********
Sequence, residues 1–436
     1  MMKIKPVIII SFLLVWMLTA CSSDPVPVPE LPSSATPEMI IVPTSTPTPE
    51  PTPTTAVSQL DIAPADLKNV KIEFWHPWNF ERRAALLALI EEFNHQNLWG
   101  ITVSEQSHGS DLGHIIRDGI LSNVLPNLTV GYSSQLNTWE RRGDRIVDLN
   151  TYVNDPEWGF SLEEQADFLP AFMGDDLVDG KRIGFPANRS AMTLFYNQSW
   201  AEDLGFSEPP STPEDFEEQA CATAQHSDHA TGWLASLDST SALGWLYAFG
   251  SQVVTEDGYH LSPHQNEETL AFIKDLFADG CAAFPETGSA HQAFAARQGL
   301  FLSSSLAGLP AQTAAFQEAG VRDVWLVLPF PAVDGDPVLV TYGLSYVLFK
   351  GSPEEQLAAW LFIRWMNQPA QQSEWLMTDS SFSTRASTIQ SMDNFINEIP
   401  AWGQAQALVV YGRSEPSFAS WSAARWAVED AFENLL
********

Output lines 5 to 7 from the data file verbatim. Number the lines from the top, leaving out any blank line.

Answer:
   151  TYVNDPEWGF SLEEQADFLP AFMGDDLVDG KRIGFPANRS AMTLFYNQSW
   201  AEDLGFSEPP STPEDFEEQA CATAQHSDHA TGWLASLDST SALGWLYAFG
   251  SQVVTEDGYH LSPHQNEETL AFIKDLFADG CAAFPETGSA HQAFAARQGL